Fear in My Experience with PTSD

I spent six days at a facility which is supposed to help people get through crises and feel better, you know, so I could feel well enough to at least get through the day. Everyone there is automatically on suicide watch, regardless of their voluntary status or mental faculties. That means I was to be checked upon every fifteen minutes. Sometimes the staff would flip on the room light in the middle of the night, because they supposedly couldn’t see me. Other times, the door would slam shut. They also would shine a flashlight in my face.

Let me explain something about post-traumatic stress disorder: I am afraid. My fear isn’t tied into any particular train of thought or memory, but rather the patterns in my environment. I am controlled by this instinctive fear, from the reptilian part of the brain. Raw fear.

That means that every little sound: footsteps, chatter outside my door, doors being opened and closed, every single little sound and changes of light reminds me someone else is there—that people are volatile and potentially dangerous, and it keeps me awake at night.

I have been on all sorts of sleep medications and most of them either don’t work, send me into a panic, or only give me about 3 hours of solid sleep.

Over the six days I was there, I slept collectively 15 or 16 hours. I felt exhausted and often found myself thinking of ways to tell off the staff for keeping me awake all night. I was frustrated and I was sleep deprived.

During night three or four, I explained to the staff that sleep deprivation is a form of torture. It is actually classified as a torture by the government. And I asked how I was supposed to recover when I couldn’t rest.

Needless to say, the visit was unproductive in and of itself. In fact, I felt worse in some ways by the time I was released. However, on my way home, I was struck that the root cause of my problems is actually fear; intense, gut-wrenching, instinctual fear, because my home situation activates that response in me. It’s not even that the situation is unbearable; it’s the fear that was instilled in me coming back.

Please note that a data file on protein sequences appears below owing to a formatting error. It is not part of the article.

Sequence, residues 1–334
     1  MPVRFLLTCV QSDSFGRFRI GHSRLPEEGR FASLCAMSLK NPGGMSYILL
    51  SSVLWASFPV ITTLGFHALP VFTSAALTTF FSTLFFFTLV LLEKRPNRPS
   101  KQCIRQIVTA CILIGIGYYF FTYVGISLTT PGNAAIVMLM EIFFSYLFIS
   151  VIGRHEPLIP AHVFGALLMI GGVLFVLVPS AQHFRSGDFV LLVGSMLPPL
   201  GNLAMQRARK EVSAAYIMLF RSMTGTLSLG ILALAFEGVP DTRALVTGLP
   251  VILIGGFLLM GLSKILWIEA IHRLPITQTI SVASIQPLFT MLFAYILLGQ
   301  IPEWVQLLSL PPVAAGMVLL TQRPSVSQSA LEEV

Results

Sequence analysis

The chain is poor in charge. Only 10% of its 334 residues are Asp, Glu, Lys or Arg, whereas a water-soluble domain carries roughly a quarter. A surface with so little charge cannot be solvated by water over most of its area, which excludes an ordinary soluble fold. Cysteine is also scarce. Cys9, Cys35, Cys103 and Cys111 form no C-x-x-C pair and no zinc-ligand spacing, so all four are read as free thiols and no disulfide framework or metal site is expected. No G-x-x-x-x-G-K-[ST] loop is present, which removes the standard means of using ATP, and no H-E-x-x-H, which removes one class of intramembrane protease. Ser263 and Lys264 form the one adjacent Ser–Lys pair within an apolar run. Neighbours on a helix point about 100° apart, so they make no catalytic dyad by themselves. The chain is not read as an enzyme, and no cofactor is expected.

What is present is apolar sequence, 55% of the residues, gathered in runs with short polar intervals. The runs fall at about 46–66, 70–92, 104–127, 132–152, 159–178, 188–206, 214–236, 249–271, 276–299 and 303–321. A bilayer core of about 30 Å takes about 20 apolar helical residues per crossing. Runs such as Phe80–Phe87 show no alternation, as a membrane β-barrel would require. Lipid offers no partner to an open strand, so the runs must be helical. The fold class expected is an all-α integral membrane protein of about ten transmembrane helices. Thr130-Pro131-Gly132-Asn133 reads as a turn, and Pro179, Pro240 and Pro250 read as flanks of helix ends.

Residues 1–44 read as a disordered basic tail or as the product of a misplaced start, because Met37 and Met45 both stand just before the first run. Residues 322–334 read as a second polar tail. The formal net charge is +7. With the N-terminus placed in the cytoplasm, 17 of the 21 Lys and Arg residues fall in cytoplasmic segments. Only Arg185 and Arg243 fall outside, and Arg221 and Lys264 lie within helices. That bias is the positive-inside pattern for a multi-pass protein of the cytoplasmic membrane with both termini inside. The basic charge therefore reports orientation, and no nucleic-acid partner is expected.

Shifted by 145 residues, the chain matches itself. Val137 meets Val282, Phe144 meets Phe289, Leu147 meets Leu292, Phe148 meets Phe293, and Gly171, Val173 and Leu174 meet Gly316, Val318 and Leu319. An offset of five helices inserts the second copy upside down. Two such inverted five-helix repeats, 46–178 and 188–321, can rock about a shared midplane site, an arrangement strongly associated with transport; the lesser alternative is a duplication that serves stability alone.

This intense fear pushes out all of my other feelings. I could easily endure the suffering if it was balanced with joy, but the capacity for joy seems unreachable. I have no place to go to call my own. I have no place I feel safe. I do my best to keep making healthy choices: to go outside, to go for walks, to avoid processed food, to spend more time with people I care about. I still feel so stuck. I’m tired. I can’t imagine spending another 30 years living like this.

I know this is temporary. Everything is just a blip in the grand scheme of things. I know that people are inherently good. I know the world is rich, beautiful, and vast. I just feel cut off from all of that. I feel cut off from others. That leads me to wanting to be alone with my thoughts.

I’ve mostly stopped talking to people. I don’t know what to say anymore. My personality is blah most of the time because I’m lost in thought.

I’m still changing things up in my life though. I want to give myself a chance at something more.

Basically, there are only a couple of interactions I’m interested in. Expanding Horizons and Playful Mode.

Expanding Horizons: Each person operates at their own frequency, in fact, every cell does and so every person is configured similarly but differently. In other words, each person has their own unique energy signature. Let’s call this energy a Horizon. Each person has their own Horizon, and interactions which involve authenticity and learning from one another’s perspective. This expands a person’s Horizon.

Playful Mode: This is where I adapt my humor to the person I’m interacting with. I get playful and tease sometimes. It’s like a game of creative reactivity.  This Mode is nearly always a success in a social situation. People would rather laugh than be serious.

Sometimes I just can’t get into whatever mode I need to be in for those interactions and I just need to be alone. Even sound and light bothers me when I feel this way. I have a strong desire to be away from everyone – at least, anyone who wants to interact with me.

I need to work on accepting the fear and living my life regardless of my fear.  And a nap would be nice.  Haha.


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